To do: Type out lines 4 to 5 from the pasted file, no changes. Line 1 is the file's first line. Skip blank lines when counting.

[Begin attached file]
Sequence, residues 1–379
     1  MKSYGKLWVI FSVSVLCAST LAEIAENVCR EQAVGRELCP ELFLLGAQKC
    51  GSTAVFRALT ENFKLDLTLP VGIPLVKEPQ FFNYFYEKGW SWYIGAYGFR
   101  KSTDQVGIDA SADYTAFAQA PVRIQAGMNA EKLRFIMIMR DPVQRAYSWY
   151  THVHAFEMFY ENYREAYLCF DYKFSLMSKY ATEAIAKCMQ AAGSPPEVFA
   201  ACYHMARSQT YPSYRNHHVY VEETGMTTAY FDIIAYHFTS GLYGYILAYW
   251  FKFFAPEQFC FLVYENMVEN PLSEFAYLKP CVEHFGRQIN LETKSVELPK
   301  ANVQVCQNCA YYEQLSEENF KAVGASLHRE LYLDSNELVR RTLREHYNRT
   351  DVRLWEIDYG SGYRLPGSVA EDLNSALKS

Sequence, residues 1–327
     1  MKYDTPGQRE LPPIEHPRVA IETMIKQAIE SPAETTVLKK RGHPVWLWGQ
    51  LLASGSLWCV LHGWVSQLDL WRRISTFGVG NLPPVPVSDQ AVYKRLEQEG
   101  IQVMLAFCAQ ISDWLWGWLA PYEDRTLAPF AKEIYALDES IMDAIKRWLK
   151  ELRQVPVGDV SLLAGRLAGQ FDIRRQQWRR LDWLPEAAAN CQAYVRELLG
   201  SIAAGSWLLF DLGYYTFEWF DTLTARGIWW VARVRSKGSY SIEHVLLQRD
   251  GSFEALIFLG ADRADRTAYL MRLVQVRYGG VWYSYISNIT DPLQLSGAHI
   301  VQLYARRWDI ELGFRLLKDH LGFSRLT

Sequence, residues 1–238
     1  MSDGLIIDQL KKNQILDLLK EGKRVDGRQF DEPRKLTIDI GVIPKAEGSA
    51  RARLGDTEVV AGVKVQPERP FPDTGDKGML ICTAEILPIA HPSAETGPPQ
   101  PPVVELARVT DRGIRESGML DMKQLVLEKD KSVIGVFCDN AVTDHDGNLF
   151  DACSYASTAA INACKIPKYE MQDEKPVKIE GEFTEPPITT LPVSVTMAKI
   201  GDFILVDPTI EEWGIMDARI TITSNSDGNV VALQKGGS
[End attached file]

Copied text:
   101  KSTDQVGIDA SADYTAFAQA PVRIQAGMNA EKLRFIMIMR DPVQRAYSWY
   151  THVHAFEMFY ENYREAYLCF DYKFSLMSKY ATEAIAKCMQ AAGSPPEVFA